Screen 3 shows the results when you issue a DELETE statement against the primary table (in this example, the Orders table). Unlike previous versions of SQL Server, SQL Server 7.0 allows more than one trigger of the same type on the same table. Cascading DELETE operations in a self-referencing table involves recursive deletes. This operation is usually application-specific and needs to be handled programmatically. If you decide not to cascade DELETE operations, but the table already has an UPDATE trigger that cascades updates, you need to enforce an invalid attempt to delete a row in the primary table that has related rows in the secondary table. You can use the DELETE trigger in Listing 4 to issue a ROLLBACK TRANSACTION statement that reverses the invalid operation, in this case, the invalid DELETE attempt.
Cascading UPDATE operations
You can use the trigger in Listing 5 to cascade UPDATE operations. You can use the function UPDATE(col1) to see whether the relevant column in the primary table was updated. This function returns true if col1 was updated. In an UPDATE operation, the UPDATE trigger creates two tables: The inserted table contains the new image of the affected rows, and the deleted table contains the old image of the affected rows. You can determine the number of rows that the UPDATE operation affected by checking @@rowcount. If no row was affected, you don’t need to do anything. If one row was updated, you can use a simple SELECT statement to pull the new col1 from the inserted table, and you can use the statement to update the secondary table by joining it to the deleted table. Avoid multiple updates to the primary key of the primary table.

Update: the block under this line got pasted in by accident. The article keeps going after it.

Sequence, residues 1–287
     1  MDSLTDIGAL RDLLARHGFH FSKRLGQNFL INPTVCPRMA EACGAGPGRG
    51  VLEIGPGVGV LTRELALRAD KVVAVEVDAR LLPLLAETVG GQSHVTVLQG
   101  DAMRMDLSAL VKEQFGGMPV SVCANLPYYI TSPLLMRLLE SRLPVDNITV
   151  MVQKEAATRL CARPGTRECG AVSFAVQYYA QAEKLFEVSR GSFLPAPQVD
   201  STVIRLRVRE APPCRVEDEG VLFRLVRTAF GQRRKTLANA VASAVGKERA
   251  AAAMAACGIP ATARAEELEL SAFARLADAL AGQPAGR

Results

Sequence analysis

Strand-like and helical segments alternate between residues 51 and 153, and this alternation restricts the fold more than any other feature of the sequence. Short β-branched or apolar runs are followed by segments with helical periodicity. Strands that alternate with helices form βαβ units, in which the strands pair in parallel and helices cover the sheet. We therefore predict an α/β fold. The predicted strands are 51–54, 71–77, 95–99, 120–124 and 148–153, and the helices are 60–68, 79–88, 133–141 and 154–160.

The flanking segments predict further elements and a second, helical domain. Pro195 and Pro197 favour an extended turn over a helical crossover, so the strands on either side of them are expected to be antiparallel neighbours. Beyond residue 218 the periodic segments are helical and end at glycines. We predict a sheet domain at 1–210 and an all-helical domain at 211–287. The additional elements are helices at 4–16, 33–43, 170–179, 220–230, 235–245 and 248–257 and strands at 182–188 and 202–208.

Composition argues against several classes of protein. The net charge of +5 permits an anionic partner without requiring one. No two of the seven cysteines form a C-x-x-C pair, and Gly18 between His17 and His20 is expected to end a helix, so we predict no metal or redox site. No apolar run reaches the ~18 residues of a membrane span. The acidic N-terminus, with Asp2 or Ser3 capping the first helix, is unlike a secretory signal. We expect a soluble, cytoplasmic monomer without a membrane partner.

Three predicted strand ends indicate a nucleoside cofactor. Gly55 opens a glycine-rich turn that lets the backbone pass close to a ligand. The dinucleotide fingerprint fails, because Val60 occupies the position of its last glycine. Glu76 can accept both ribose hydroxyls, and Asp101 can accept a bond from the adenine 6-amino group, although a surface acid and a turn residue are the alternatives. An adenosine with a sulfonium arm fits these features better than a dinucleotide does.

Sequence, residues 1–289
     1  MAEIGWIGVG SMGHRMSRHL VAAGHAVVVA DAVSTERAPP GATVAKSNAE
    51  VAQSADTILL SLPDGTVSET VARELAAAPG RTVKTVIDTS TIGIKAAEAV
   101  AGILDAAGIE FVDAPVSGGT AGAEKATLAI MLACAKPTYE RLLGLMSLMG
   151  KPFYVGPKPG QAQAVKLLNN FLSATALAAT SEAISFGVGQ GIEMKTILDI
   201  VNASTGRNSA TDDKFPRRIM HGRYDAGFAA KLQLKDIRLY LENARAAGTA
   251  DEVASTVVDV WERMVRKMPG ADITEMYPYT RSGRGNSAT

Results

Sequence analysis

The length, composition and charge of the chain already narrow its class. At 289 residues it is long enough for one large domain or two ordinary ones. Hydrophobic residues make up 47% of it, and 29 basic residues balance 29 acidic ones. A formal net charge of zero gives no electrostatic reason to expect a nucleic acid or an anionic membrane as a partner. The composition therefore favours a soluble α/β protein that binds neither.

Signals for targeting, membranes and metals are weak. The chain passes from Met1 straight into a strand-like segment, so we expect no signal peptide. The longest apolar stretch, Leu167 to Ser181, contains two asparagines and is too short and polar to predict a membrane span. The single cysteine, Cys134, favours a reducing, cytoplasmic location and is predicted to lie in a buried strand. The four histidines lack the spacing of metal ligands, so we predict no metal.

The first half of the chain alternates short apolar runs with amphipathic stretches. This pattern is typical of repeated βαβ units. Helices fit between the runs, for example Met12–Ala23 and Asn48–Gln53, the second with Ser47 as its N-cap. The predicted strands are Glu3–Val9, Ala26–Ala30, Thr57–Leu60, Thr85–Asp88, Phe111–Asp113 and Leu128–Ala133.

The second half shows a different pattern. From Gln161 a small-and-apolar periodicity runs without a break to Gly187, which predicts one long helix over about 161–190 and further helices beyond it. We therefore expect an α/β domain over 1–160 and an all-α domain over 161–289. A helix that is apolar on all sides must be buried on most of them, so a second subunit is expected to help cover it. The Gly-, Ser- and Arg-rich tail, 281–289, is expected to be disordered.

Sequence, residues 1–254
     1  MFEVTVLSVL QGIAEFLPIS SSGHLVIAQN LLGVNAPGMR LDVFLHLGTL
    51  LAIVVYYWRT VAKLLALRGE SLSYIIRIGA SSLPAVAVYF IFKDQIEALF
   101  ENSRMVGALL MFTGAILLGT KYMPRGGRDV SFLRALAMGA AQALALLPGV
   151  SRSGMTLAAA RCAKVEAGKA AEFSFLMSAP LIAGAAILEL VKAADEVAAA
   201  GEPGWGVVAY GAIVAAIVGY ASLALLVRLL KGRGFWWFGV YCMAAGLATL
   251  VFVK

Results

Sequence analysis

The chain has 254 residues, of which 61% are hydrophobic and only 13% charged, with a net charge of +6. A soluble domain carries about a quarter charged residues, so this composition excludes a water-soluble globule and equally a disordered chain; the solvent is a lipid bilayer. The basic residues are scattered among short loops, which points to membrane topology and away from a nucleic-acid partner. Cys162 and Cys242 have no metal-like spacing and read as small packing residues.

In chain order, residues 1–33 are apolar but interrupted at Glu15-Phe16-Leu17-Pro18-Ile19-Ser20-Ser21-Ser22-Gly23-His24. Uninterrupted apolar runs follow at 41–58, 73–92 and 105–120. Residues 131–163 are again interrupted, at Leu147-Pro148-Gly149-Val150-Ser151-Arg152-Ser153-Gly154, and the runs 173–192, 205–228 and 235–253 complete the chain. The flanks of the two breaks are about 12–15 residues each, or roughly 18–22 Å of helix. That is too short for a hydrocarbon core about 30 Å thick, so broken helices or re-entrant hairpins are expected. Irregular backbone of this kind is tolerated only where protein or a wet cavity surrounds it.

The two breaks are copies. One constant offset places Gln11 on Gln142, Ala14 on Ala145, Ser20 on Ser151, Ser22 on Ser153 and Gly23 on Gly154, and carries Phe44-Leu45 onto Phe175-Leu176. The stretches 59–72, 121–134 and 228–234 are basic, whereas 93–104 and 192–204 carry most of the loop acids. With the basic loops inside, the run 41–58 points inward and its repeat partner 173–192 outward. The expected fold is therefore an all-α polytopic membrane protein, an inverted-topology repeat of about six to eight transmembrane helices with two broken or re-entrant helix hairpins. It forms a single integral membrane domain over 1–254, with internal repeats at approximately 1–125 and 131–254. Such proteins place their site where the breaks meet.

Screen 4 shows the results when you issue an UPDATE statement against the primary table (in this example, the Orders table). This update trigger is sufficient for a self-referencing table, too.